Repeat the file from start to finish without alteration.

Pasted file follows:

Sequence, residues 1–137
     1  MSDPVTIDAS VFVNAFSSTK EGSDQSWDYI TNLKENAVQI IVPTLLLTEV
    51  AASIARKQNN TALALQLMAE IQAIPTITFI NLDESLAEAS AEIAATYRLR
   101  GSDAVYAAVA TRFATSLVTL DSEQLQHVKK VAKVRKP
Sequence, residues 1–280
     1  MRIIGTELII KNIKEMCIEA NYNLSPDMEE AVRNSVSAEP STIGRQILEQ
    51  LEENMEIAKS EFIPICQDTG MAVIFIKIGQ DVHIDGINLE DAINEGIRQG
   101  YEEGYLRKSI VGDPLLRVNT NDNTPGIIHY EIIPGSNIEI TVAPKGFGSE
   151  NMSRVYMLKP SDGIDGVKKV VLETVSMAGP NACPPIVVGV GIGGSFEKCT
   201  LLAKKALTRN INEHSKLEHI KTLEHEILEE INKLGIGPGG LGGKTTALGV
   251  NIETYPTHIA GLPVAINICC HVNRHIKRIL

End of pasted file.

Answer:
Sequence, residues 1–137
     1  MSDPVTIDAS VFVNAFSSTK EGSDQSWDYI TNLKENAVQI IVPTLLLTEV
    51  AASIARKQNN TALALQLMAE IQAIPTITFI NLDESLAEAS AEIAATYRLR
   101  GSDAVYAAVA TRFATSLVTL DSEQLQHVKK VAKVRKP
Sequence, residues 1–280
     1  MRIIGTELII KNIKEMCIEA NYNLSPDMEE AVRNSVSAEP STIGRQILEQ
    51  LEENMEIAKS EFIPICQDTG MAVIFIKIGQ DVHIDGINLE DAINEGIRQG
   101  YEEGYLRKSI VGDPLLRVNT NDNTPGIIHY EIIPGSNIEI TVAPKGFGSE
   151  NMSRVYMLKP SDGIDGVKKV VLETVSMAGP NACPPIVVGV GIGGSFEKCT
   201  LLAKKALTRN INEHSKLEHI KTLEHEILEE INKLGIGPGG LGGKTTALGV
   251  NIETYPTHIA GLPVAINICC HVNRHIKRIL